the appropriate condition for cellulase production, the study on the properties of the fungal enzyme was conducted as the
following.
To find an optimum pH for conversion of cellulose by the fungal enzyme. The various pH, 4.5, 5.0, 5.5, 6.0, 6.5
and 7.0 in the hydrolysis reaction were investigated in enzyme activity of the fungal enzyme. The hydrolysis was
performed by using 15% (w/v) (wet weight) cassava waste-lignocellulose in liquid medium and shaking at 150 rpm at 30
oC.
To find an optimum temperature for conversion of cellulose by using the fungal cellulase enzyme. The various
temperature, 30, 35, 40, 45, 50, 55, 60, 65 and 70 oC were used to incubate for the hydrolysis reactions.
To find an optimum incubation time for conversion of cassava waste-lignocellulose by the fungal enzyme. The
reaction of hydrolysis of cellulose by the fungal enzyme was incubated in the various period of time 0, 3, 6, 9,12, and 15
C
D
hours.
Result and Discussion
Fig. 1 A: Cassava waste B: Cassava waste-ligonocellulose C: A. niger TISTR 3352 (left) T. reesei TISTR 3080 (right) D: Hydrolysed cassava waste by the
The reducing sugar was analyzed at intervals of time in all experiments to indicate the efficiency of conversion and
fungi
th
O e
p ta
i c
mtiiv
z i
a ttyi oof
n tohne tfu
hen g
c a
o ln e
v n
e z
r y
si m
o e
n . of cassava waste-starch by Aspergillus niger TISTR 3352.
The optimization on cassava waste content in the cultivation medium for conversion by A. niger. After cultivation
The study on conversion of cassava waste-lignocellulose by cellulase from Trichoderma reesei TISTR 3080.
by shaking flask at 200 rpm at 30 oC for 72 hours, the maximum reducing sugar were obtained in closed values among the
The optimum pH for conversion of lignocellulose by cellulase from T. reesei. The various pH, 4.5, 5.0, 5.5, 6.0, 6.5 and
experiments cassava waste content of 45, 60 and 70% (w/v) which were 44.91, 45.50 and 42.87 g/L, respectively (Figure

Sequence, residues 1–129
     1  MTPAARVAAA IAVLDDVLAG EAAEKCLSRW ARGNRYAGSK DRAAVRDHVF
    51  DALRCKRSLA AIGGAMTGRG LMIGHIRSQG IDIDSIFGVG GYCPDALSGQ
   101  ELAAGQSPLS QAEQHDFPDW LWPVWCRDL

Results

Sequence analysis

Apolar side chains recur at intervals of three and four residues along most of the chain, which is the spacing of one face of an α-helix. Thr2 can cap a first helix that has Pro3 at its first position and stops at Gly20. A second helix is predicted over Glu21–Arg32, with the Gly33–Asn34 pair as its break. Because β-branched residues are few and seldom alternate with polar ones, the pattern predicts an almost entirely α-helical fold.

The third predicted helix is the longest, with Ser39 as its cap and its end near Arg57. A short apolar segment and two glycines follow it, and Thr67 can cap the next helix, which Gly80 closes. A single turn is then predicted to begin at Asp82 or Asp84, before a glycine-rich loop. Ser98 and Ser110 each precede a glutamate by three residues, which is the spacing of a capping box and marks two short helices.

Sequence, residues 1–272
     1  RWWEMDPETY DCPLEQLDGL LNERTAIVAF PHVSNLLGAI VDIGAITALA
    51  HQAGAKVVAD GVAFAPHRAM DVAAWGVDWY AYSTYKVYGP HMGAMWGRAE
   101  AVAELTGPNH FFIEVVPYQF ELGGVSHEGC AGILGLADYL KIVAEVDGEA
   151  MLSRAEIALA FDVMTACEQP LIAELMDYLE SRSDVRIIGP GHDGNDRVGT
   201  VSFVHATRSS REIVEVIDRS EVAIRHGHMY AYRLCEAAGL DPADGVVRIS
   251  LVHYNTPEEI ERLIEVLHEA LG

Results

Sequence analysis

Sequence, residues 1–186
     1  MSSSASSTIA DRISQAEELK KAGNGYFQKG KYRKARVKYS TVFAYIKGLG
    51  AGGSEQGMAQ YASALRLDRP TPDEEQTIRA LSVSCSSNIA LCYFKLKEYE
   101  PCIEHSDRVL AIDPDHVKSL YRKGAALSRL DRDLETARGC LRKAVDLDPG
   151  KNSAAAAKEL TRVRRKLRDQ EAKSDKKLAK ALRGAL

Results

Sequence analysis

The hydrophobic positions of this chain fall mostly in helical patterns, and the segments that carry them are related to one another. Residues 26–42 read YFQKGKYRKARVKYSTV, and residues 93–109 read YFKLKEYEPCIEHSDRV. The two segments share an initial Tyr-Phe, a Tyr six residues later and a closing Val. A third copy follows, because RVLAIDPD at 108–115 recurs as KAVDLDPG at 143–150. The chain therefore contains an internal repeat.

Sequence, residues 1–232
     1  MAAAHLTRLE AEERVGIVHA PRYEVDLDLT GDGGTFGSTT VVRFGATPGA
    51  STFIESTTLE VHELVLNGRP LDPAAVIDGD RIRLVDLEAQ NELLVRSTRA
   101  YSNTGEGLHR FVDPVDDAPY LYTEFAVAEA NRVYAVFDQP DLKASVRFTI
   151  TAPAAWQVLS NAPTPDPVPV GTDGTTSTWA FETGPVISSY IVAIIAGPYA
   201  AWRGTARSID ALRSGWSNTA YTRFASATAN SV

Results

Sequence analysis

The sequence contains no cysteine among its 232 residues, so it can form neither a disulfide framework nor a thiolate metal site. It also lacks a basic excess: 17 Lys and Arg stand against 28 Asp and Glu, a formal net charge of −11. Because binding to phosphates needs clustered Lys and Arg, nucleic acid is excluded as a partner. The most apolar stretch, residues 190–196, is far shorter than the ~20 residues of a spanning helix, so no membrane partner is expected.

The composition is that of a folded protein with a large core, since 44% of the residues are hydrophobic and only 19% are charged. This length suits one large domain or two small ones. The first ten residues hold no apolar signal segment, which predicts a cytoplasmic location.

7.0 were adjusted in the hydrolysis reaction. After incubation by shaking flask at 150 rpm at 30 oC for 72 hours, the maximum
2). According to the result, the cassava content of 45%(w/v) (wet weight was selected as an appropriate cassava content in
enzyme activity was obtained in the hydrolysis condition of pH to 6.0 which was 0.3 unit/mL (Figure 5).
the cultivation medium.
The optimum temperature for conversion of lignocellulose by using the fungal cellulase enzyme. The various
The optimization of fungal inoculum size to inoculate in the cultivation medium for conversion of cassava waste.
temperature 30, 35, 40, 45, 50, 55, 60, 65 and 70 oC were used to incubate for the hydrolysis reactions. After incubation by
After cultivation by shaking flask at 200 rpm at 30 oC for 96 hours, the maximum reducing sugar obtained from the
shaking flask at 150 rpm for 72 hours, the maximum enzyme activity was observed in the hydrolysis condition of temperature
cultivation medium using of inoculation of 10% (v/v) fungal spore at concentration 107 spore/mL which was reached to
60oC which was 0.3 unit/mL (Figure 6).
52.60 g/L at 72 hours. Therefore, inoculum size of 10% (v/v) fungal spore concentration 107 spore/ml was selected as an
The optimum incubation time for conversion of cassava waste-lignocellulose the fungal enzyme, after incubation by